Caption: The Seymour Expedition (June 10-28, 1900) fails to reach Beijing to rescue the besieged foreigners. Images emanating from different parties show parallel, but closed and cut off worlds. They were only marginally aware of each other through imperiled messengers, and overseas, sketchy and delayed dispatches. Visual narratives evoke historical experience unique to visual primary sources that were created in the moment showing us the views of participants responding to their circumstances without the benefit of hindsight.

My research focuses on developing visual narrative, especially with the newly-digitized visual record and image collections. I study transmedial narratology within relational databases and the ways image-driven scholarship in the digital environment opens new pathways of historical research. Theories of visual thinking and observational methodologies inform a software model I am creating to facilitate image-driven digital historiography.

In a theory-practice approach, my case study explores the visual record of China's Boxer Uprising in 1900, an event that inspired unprecedented media coverage around the globe. Parallels with today's media revolution some hundred years later adds meaning to these emerging narrative methodologies.

Software, in a proposed "Visual Narrative Field" (VNF) model of narrative, supports image relationships composed by an author to illuminate historical themes and provocative sub-texts that may lie outside the structure of traditional history, breaking new ground in how we represent the past. The qualities of narrative embedded within a visual data field are experiential, immersive, and unlike linear text-based narrative, sustain a state of unresolved complexity closer to the way events unfold.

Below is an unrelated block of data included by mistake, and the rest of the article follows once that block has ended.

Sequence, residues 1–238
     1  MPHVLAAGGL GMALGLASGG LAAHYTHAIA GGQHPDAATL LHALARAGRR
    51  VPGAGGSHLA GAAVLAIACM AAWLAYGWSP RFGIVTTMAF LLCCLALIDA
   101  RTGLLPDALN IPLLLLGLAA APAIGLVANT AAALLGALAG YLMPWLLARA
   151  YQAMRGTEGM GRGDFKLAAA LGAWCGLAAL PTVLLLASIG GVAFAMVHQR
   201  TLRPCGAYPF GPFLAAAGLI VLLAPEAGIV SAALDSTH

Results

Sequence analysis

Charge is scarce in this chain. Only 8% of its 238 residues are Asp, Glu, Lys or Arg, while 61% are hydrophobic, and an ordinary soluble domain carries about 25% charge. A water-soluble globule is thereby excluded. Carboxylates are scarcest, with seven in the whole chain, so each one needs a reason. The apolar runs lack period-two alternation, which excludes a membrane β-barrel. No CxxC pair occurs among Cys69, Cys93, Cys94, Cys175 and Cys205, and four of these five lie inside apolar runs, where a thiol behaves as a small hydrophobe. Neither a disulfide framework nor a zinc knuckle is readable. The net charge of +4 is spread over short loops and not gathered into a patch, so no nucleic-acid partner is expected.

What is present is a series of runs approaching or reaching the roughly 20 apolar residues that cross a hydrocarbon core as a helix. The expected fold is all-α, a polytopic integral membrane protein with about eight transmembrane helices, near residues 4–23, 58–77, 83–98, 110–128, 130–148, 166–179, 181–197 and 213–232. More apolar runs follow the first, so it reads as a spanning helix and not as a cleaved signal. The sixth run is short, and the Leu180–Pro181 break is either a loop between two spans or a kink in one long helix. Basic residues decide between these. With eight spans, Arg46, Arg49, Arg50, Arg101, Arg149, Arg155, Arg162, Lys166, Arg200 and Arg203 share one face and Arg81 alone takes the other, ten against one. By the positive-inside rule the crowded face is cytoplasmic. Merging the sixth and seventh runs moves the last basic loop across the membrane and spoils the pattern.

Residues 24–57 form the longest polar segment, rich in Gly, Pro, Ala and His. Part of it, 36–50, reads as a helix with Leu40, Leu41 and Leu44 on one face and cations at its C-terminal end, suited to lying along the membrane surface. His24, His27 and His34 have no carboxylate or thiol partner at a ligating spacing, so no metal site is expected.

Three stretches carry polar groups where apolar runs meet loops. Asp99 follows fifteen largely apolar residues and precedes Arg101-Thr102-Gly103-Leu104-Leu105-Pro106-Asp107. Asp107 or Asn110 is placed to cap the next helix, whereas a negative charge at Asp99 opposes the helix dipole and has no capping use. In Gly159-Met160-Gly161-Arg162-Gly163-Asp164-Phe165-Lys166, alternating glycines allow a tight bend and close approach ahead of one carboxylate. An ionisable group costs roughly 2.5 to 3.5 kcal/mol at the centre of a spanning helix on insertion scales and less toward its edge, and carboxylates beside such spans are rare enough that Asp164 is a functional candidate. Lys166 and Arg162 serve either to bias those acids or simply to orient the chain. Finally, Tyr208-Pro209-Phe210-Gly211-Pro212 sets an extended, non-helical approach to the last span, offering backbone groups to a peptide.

Parallax between similar image sets—such as photographs taken by two very different men within the walls of the 55-day siege in Beijing—creates a granular multi-dimensional view. Typically, editors select the “best” photos to publish, but in the digital medium the VNF model design restores rejected views and adds texture to the scene by revealing the "edited-out" periphery and pointing at the presence of the photographers. This complex visual historiography emanates from the participants themselves preserved in graphics as vibrant now as they were then.

"Traveling by the Underwood Travel System — Stereographs, Guide-Books," Underwood & Underwood stereograph, 1908.

Diverse media types suggest multiple visual narrative pathways. Stereographs, for example, appear in large numbers. Marketing materials emphasize the educational benefit of "new knowledge" gained through the unique qualities of stereographic views, using language echoed today. Book-like sets and maps position armchair travelers for a better view of the carefully photographed scenes than if they were on the scene. Other media tropes in the database similarly offer insights into the turn of the century worldview.

Mutable narrative emerges by reconfiguring images in my software design for the "Visual Narrative Field" model. In this illustration, data fields are loosely connected islands representing separate collections, for example, the 2500 images in the Boxer Uprising set and the "Visualizing China" database at the University of Bristol, UK. (image: Sebring, “Around Me: Granularity through Triangulation and Similar Scenes,” Technoetic Telos: Art, Myth and Media, 2012.)

The over 2500 images collected over the past four years will become source material for additional experiments I am making in cross-media designs including: (1) a large touch screen exploratory, immersive environment; and (2) wall prints based on an algorithm I developed to map the gestures of observation and looking. Inspired in part by Aby Warburg's "Mnemosyne-Atlas" and other visual narrative works, the prints interweave narrative pathways visualizing the collection through its stories. The algorithm, hopefully, can then be used to derive narrative threads within any digital image collection.